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Things To Know About Memorial Day

Updated: Nov 23, 2019

Red Poppy is the official flower of remembrance for the special day.

It was originally called Decoration Day

Memorial Day has its roots dating back to the Civil War when communities would hold a similar holiday called “Decoration Day.” According to the book ‘Don’t Know Much About History,’ it started in 1865 when northern abolitionist James Redpath organized schools for freed slaves in South Carolina to scatter flowers on the graves of Union soldiers. The tradition carried to the South for Confederate soldiers’ graves and Decoration Day became an annual tradition.

Waterloo, New York is recognized for holding the first observance of Memorial Day

Several towns claim they were the first to hold Memorial Day services, but the government officially recognizes Waterloo at the birthplace of the holiday. The town claims that local druggist Henry C. Welles suggested organizing a remembrance service at a social event. Plans were made with Welles and Civil War Gen. John B. Murray for the following year and the tradition continued. President Lyndon B. Johnson signed a proclamation honoring Waterloo as the “Birthplace of Memorial Day” in 1966.


The wearing of the Buddy Poppies came from a poem written by a Canadian general

Another solemn tradition of Memorial Day is the wearing of a red flower nicknamed the “Buddy Poppy.” According to the book ‘The Decoration/Memorial Day War,” the tradition actually came from a poem written by Lt. Col. John McCrae of the Canadian Army during WWI who worked as a surgeon during the war. During the Second Battle of Ypres, one of his students was killed by artillery shell burst and the loss affected him greatly. He was moved to write a poem titled “In Flanders Fields,” but rejected it before trying to get it published. Another officer read the crumpled poem and published it for him in a London magazine.


A few years later, Moina Michael, an American native working in Scotland for the YMCA’s Overseas War Secretaries headquarters, read McCrae’s poem and was so moved by the line, “In Flanders fields the poppies blow, between the crosses, row on row” that she vowed to wear a red poppy in honor of the fallen soldiers. She began selling poppies when she returned to the States a couple of years later on what she called “Poppy Day.” Meanwhile, Anna E. Guerin of France had heard of Michael’s work and formed a partnership to sell Michael’s poppies in their respective countries while donating the proceeds to charity. Soon, demand grew as the Veterans of Foreign Wars established the red flower as the official memorial flower and a factory was built in Pittsburgh in 1924 to produce the fake red flowers. The US Patent Office registered the “Buddy Poppy” and it became the official flower of remembrance for the special day.

Memorial Day wouldn't have lasted without WWI and WWII This rift and the deaths of the country’s remaining Civil War veterans caused the holiday to slowly fall off the calendar year after year and it almost disappeared by the beginning of the 20th century. The breakout of World War I and World War II prompted its resurgence and a call to honor the fallen soldiers once again. Veterans’ groups were able to successfully lobby for the establishment of a national holiday on May 30th, the official unofficial day of remembrance.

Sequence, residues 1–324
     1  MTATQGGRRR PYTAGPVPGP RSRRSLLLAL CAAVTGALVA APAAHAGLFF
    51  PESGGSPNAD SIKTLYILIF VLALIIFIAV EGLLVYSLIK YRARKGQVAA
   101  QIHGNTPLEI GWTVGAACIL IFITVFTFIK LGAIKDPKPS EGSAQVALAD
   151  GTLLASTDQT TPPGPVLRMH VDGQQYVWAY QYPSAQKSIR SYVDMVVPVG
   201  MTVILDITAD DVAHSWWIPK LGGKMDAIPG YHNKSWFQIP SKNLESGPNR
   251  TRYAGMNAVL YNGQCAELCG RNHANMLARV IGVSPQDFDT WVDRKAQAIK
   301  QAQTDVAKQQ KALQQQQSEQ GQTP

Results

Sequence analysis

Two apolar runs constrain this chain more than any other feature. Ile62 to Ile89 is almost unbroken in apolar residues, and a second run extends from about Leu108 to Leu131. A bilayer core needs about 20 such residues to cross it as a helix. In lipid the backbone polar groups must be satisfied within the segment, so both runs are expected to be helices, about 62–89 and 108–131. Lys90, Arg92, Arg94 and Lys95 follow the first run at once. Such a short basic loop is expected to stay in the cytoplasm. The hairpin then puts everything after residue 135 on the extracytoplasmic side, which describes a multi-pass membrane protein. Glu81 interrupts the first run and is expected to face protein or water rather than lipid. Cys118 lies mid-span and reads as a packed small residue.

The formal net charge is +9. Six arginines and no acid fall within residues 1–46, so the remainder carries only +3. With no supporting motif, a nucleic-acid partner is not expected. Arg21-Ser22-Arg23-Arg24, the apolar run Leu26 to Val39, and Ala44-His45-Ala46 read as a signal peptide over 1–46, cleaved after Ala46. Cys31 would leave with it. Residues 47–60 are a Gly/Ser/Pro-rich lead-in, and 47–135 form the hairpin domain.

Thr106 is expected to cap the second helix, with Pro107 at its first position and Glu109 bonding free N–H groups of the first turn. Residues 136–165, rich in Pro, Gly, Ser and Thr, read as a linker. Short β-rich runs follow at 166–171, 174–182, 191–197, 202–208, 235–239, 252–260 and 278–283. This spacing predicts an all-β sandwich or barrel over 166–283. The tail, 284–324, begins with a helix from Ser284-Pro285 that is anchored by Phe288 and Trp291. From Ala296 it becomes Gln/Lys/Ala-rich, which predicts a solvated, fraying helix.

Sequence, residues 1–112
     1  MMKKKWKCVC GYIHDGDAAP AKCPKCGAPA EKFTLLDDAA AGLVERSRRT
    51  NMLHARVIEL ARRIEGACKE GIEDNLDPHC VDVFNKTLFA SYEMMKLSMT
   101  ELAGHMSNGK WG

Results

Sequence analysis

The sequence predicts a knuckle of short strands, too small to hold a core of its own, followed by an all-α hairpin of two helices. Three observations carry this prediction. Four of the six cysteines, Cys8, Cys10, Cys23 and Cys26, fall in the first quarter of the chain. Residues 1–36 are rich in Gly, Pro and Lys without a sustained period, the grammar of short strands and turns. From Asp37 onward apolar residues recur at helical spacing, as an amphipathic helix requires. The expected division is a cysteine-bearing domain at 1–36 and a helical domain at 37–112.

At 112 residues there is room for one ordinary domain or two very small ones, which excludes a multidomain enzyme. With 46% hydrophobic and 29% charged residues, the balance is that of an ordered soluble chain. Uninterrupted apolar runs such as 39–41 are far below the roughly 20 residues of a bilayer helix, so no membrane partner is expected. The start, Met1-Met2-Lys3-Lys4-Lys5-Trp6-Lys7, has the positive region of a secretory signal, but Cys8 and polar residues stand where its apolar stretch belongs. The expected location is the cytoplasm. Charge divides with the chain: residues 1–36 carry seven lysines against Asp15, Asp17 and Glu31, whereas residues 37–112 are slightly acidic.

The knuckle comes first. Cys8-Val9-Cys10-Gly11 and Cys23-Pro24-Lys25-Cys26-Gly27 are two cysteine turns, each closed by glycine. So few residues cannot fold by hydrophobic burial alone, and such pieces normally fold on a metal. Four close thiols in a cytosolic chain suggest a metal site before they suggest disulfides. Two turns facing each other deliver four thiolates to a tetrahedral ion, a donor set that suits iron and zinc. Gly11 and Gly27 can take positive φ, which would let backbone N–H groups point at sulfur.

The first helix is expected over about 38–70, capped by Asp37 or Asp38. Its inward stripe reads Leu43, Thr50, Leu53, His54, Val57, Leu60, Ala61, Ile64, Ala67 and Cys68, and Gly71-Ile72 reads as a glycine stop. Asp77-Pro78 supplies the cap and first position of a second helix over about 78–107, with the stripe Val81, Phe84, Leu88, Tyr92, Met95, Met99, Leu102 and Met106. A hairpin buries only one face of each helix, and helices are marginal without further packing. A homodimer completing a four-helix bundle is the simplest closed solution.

It wasn’t established as an official holiday until 1968

Memorial Day might be steeped in historic tradition, but it’s actually much younger than you might think. The federal government didn’t officially recognize it as a holiday on the calendar until 1968 when LBJ signed the Uniform Monday Holiday Law. The bill recognized a number of “legal public holidays” including New Year’s Day, Washington’s Birthday, Independence Day, Labor Day, Columbus Day, Veterans Day, Thanksgiving and Christmas. Instead of the May 30th date that veterans had lobbied for, the bill established Memorial Day as “the last Monday in May” giving everyone the three-day weekend they know today.


3pm on Memorial Day is the “National Moment of Remembrance”

Memorial Day might be full of sleeping in and getting full on backyard barbecue but it is not without an opportunity for personal reflection. President Bill Clinton established the “National Moment of Remembrance” in 2000 to give everyone a chance to reflect on the true purpose and sacrifices that should be honored on Memorial Day. The proclamation established that 3pm be the official time for the moment, the same time when television and radio stations often play the traditional 'Taps' to give Americans pause during their busy Memorial Day. The traditional has continued to this day with President Barack Obama adding a “Prayer for Peace” establishing 11am “as a time to unite in prayer” on Memorial Day.

Source: thefw.com


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